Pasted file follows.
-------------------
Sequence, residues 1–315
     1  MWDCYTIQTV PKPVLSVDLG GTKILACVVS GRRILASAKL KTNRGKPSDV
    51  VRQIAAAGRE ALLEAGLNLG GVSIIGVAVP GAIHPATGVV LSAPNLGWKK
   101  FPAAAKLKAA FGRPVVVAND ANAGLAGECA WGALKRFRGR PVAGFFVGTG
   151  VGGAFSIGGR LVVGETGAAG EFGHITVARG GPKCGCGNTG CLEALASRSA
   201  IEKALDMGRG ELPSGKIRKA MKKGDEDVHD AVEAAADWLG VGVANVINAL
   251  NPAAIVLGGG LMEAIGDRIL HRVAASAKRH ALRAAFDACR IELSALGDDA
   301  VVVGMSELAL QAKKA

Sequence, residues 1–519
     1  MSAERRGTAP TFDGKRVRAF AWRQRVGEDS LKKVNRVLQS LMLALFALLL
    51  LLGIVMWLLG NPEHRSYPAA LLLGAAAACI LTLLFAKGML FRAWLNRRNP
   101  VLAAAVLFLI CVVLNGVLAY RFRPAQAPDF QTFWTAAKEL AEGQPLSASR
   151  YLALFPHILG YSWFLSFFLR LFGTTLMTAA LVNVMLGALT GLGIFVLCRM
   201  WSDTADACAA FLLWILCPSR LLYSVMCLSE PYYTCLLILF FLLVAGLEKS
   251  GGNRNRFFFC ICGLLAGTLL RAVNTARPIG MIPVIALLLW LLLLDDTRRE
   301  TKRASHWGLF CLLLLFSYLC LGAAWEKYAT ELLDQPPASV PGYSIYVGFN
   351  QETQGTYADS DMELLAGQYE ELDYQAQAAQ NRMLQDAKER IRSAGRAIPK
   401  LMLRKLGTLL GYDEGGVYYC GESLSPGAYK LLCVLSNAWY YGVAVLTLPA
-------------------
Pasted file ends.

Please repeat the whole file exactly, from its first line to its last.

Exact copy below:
Sequence, residues 1–315
     1  MWDCYTIQTV PKPVLSVDLG GTKILACVVS GRRILASAKL KTNRGKPSDV
    51  VRQIAAAGRE ALLEAGLNLG GVSIIGVAVP GAIHPATGVV LSAPNLGWKK
   101  FPAAAKLKAA FGRPVVVAND ANAGLAGECA WGALKRFRGR PVAGFFVGTG
   151  VGGAFSIGGR LVVGETGAAG EFGHITVARG GPKCGCGNTG CLEALASRSA
   201  IEKALDMGRG ELPSGKIRKA MKKGDEDVHD AVEAAADWLG VGVANVINAL
   251  NPAAIVLGGG LMEAIGDRIL HRVAASAKRH ALRAAFDACR IELSALGDDA
   301  VVVGMSELAL QAKKA

Sequence, residues 1–519
     1  MSAERRGTAP TFDGKRVRAF AWRQRVGEDS LKKVNRVLQS LMLALFALLL
    51  LLGIVMWLLG NPEHRSYPAA LLLGAAAACI LTLLFAKGML FRAWLNRRNP
   101  VLAAAVLFLI CVVLNGVLAY RFRPAQAPDF QTFWTAAKEL AEGQPLSASR
   151  YLALFPHILG YSWFLSFFLR LFGTTLMTAA LVNVMLGALT GLGIFVLCRM
   201  WSDTADACAA FLLWILCPSR LLYSVMCLSE PYYTCLLILF FLLVAGLEKS
   251  GGNRNRFFFC ICGLLAGTLL RAVNTARPIG MIPVIALLLW LLLLDDTRRE
   301  TKRASHWGLF CLLLLFSYLC LGAAWEKYAT ELLDQPPASV PGYSIYVGFN
   351  QETQGTYADS DMELLAGQYE ELDYQAQAAQ NRMLQDAKER IRSAGRAIPK
   401  LMLRKLGTLL GYDEGGVYYC GESLSPGAYK LLCVLSNAWY YGVAVLTLPA